Navigating the grain-feeding system
The hum of Stahl’s tractor engine echoed as he transported three barrels of grain across a large field. He instantly received attention. A dozen goats rushed to meet him — climbing eagerly on the barrels to snack on the hearty grain inside. The grain smelled like fresh oats and was still warm to the touch.
“They just love it,” said Stahl. “They get so excited when they see me coming.”
“I also created this cage system,” said Stahl as he picked up a large oval-shaped metal cage with a chain on top. “It fits over the barrel, the chain on top attaches to the tractor bucket, and I can easily drag each barrel out in the field evenly to distribute the feed.”
Stahl said it took him a few months to figure out the logistics of hauling the grain and distributing the grain effectively in the field. But once he nailed down his system, it became routine.
On a typical weekday, Stahl arrives at Draught Works around 11:30 a.m., just a short 4-mile drive from his farm. With 10 to 12 empty 55-gallon barrels on the back of his flat-bed trailer, it’s easy for the brewery manager to fill each one with the day’s spent grain. Stahl then heads back to the farm with the full barrels and waits.
Around 4 p.m., he transfers a few of the 300-pound barrels at a time from the back of his flat-bed truck onto a tractor bucket and drives to each field to feed using his makeshift metal cage to drag the barrels and create a long row of grain. Roughly 300 sheep, 30 goats, 20 cows, a dozen chickens, and a yak named Patience eat the grain daily.
After feeding the livestock, Stahl isn’t done for the day. He still needs to clean the barrels.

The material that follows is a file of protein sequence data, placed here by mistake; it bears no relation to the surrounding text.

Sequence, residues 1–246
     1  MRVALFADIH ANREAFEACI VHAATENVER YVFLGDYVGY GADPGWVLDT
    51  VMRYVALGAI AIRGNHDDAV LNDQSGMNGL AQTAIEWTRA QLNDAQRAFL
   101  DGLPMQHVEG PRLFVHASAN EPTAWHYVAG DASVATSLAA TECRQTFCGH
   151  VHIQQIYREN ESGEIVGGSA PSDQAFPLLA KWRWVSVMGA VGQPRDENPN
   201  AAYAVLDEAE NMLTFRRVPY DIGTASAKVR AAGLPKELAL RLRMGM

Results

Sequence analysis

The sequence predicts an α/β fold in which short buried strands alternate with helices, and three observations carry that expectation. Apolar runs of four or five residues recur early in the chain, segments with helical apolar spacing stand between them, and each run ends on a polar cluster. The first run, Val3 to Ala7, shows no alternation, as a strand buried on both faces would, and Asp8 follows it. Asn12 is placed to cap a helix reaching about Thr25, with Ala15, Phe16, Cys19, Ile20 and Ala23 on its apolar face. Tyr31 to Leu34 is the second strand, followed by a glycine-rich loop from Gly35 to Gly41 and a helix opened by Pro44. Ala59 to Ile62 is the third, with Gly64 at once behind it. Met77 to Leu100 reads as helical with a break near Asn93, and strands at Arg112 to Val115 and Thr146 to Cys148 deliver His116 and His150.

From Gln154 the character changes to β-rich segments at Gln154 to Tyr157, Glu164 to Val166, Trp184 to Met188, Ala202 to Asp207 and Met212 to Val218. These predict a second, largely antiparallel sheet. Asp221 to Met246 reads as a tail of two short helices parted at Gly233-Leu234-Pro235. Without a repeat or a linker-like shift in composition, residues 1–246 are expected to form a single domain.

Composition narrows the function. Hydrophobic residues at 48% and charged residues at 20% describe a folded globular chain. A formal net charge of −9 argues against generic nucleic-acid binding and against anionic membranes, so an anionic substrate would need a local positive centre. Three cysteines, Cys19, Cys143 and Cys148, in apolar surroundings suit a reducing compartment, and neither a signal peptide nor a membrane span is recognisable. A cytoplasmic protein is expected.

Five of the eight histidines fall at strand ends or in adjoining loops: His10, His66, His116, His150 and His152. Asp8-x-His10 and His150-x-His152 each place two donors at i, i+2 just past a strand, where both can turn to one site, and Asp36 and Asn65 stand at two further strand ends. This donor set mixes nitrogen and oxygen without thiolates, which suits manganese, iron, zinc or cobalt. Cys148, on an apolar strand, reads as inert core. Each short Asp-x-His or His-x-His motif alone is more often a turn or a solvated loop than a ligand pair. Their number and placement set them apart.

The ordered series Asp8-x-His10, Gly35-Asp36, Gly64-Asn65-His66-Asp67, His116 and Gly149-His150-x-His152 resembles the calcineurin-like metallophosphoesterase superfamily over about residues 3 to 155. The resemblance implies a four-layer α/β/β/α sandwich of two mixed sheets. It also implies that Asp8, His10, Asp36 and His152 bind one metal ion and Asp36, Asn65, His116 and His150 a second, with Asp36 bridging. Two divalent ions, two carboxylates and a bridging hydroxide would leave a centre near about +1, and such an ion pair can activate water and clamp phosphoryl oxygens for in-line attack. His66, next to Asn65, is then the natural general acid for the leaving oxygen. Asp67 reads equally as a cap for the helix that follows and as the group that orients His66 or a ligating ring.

Stahl lifted an empty barrel into a black water trough and spun it a few times to remove the exterior dirt and debris. He then scrubbed the inside and outside of the barrel with a large rough-bristled scrubber brush.
“It’s very hard work,” said Stahl. “You have to wash each barrel by hand after you feed and repeat this every day.”
Pros and cons of using spent grain
Stahl advised that farmers should weigh the pros and cons of using spent grain to supplement their feed — like figuring out if the extra work and commitment is worth the cost savings.
“It’s turned out to be a blessing and a curse,” said Stahl.
Although it reduces his feed cost by about 30 percent, the tradeoff is that it takes about two hours every weekday to pick up the grain, feed the livestock, and wash the barrels. And, there is a huge commitment to the brewery in exchange for the free grain.
“You have to pick up the grain when its ready. That’s your commitment,” said Stahl.
“And when you’re handling 10 to 12 barrels of grain every day at 300 pounds each, you figure out quickly that it’s not for everyone,” said Stahl.
Today at Farmer John’s Sustainable Farming, the animals are healthy and friendly. Using spent grain from Draught Works to supplement livestock feed is just one way Farmer John is improving the quality of his animals for meat, wool, show, and fun.
Farmer John’s advice for someone considering using spent grain from a brewery
There are three considerations for farmers:
“One is it’s really hard to get in because a lot of people like it. It’s good feed. So, you need to be aware of new breweries. There’s always new breweries going in. You need to be knocking on their door before they open.”
“The second is to be aware that it’s not free. They give you the stuff, but it’s not free. There is a cost. And, you have to make sure that you keep those costs down. Like wear and tear on your vehicle. That’s a big one. I just had $1,500 worth of brakes and struts done on my truck partly due to the weight of the barrels.”
“The third thing is to be aware that every different species of animal has different tolerances for the grain. You have to be aware of that. It’s not a feed-it-all-and-don’t-worry-about-it thing. You have to have a balanced diet.”
Suzanne Downing is an outdoor writer and photographer in Montana with an environmental science journalism background. Her work has been published in Outdoors Unlimited, Bugle Magazine, Missoulian, ActionHub, National Wildlife Federation, MTPR, Byline Magazine, Communique, UM Native News, and more.